Russia’s security services have changed a lot since late Soviet days.
They are much worse.
“The KGB was a very powerful organization but at the same time it was under the strict control of the Communist Party,” Soldatov told Reuters in an interview in London on Wednesday, when he and Borogan were promoting their book at a seminar.
“… With the FSB, we have no party control and we have no parliamentary control … we have got uncontrollable secret services.”
The Russian security services’ lack of accountability and their increasingly brutal methods — justified by a bloody domestic war on Islamist militancy — make them more like the feared mukhabarat (security police) of the Arab world than the old Soviet spy agencies, co-author Borogan added.
Their book “The New Nobility” takes its title from former FSB director Nikolai Patrushev‘s phrase in a speech at the end of 1999 celebrating the return of spy power — led by former KGB agent and incoming president Vladimir Putin.
Picked by former president Boris Yeltsin in 1999 as a supposedly malleable successor, Putin quickly showed who was boss. He filled key Kremlin and state corporation posts with ex-security service officers, creating a big new power base of individuals sharing close loyalty to their former employers.
Unchecked by any institution and answerable to nobody, the “New Nobility” quickly showed their dangerous side.
Russia’s most prominent rights activist, Lyudmila Alexeyeva, recalled in a recent interview how in the late Soviet era, the KGB was repressive but less dangerous. “Back then, there were prisons and psychiatric hospitals, but they didn’t kill anyone,” she said. “… Murders just didn’t happen. And now they do …”
British prosecutors named former Russian security officer Andrei Lugovoy as a suspect in the radioactive poisoning of Putin critic Alexander Litvinenko in London in 2006, and Russian investigators named an FSB officer as one of the suspects in the murder the same year of crusading journalist Anna Politkovskaya.
Today’s FSB generals, the authors say, resemble Russia’s old Tsarist aristocracy in more ways than one.
Their taste for an extravagant lifestyle financed by wealth obtained through their positions contrasts with the Soviet era, when the secret service chiefs had a temporary hold on perks and privileges that disappeared when they left their posts.
“Russia’s new security services are more than simply servants of the state,” the authors write. “They are landed property owners and powerful players.”
The book — which has not been published in Russia or reported on by Russian media — recounts how 99 acres of Moscow’s most expensive land, along the exclusive Rublyovka Highway, was handed over to top FSB agents in 2003/4 for token sums under a legal scheme to recognize their years of service.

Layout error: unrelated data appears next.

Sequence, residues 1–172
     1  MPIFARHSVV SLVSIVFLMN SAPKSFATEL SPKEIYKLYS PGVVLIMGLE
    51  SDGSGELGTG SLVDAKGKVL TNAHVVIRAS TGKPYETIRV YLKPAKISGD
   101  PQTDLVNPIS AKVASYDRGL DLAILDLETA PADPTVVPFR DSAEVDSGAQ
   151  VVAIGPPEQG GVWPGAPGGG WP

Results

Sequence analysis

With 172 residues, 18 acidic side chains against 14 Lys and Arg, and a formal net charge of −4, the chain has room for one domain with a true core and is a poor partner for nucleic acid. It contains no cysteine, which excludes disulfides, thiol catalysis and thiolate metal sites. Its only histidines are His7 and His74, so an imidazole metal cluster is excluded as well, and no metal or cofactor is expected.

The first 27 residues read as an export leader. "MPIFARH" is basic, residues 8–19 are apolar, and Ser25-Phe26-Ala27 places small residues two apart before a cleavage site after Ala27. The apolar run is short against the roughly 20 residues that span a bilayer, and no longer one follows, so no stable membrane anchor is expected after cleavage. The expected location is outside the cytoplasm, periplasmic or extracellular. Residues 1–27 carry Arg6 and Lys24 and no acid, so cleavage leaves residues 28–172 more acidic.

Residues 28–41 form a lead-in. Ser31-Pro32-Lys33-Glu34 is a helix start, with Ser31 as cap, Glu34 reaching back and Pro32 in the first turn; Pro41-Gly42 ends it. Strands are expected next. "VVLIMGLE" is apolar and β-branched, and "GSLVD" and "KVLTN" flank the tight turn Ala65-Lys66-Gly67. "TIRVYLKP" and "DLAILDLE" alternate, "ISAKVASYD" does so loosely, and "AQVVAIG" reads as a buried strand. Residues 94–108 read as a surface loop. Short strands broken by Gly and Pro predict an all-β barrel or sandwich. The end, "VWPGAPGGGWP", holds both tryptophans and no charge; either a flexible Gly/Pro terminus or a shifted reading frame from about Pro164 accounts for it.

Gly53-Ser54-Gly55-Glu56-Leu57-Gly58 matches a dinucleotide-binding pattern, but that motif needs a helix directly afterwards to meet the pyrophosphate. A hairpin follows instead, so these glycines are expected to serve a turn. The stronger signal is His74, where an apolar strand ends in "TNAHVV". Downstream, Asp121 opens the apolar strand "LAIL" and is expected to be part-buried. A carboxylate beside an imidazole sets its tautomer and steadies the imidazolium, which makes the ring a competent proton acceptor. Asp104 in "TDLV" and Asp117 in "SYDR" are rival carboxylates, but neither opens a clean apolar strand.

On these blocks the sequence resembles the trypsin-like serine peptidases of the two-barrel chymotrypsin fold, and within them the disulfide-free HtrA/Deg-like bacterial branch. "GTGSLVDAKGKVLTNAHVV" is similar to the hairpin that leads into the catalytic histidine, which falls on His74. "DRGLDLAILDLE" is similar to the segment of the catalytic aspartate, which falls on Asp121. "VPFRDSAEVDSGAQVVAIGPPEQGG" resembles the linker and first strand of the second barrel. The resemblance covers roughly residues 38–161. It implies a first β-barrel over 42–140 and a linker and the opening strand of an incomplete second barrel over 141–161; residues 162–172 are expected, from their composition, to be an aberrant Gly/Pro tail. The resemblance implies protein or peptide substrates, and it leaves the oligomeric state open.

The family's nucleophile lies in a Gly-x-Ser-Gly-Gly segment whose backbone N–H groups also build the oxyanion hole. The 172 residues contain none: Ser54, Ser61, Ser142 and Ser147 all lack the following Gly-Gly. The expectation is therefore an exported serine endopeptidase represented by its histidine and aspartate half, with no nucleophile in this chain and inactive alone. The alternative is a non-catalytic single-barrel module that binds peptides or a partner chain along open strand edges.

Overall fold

Some plots were then resold for tens of millions of dollars.
FSB agents and their overseas counterparts in the SVR (Foreign Intelligence Service) are now used increasingly to defend Russian oligarchs’ business interests, Soldatov says.
“In 2007 Putin openly admitted when he appointed former prime minister Mikhail Fradkov as chief of foreign intelligence that the new task for foreign intelligence was to protect the interests of Russian companies abroad,” he explained.
Examples included a letter from Patrushev to Russia’s federal anti-monopoly body asking it to bar Norwegian telecoms firm Telenor from buying more shares in its Russian affiliate Vimpelcom because Telenor had “too many spies,” Soldatov added.
“In this case, it looks like corporations used the FSB,” he said.
Soldatov also said it appeared that the FSB had been used by Russian interests in local oil major TNK-BP to put pressure on BP to cede management control of the joint venture.
At the peak of the battle over TNK-BP in 2008, FSB agents raided the company’s Moscow headquarters, questioned staff and confiscated computers and disks, almost paralyzing operations.
Despite the security services’ wealth and power, the authors believe real power in Russia still lies with the oligarchs.
The top security services men are “absolutely not leaders,” Borogan says. “They have no vision of their own of the economic and political system in Russia.”
Despite his pledges to modernize Russia, President Dmitry Medvedev is unlikely to reform spy services, the authors say.
“We think he is quite happy with the system created by Putin because it’s very stable and he is not very interested (in changing it)” Soldatov concluded.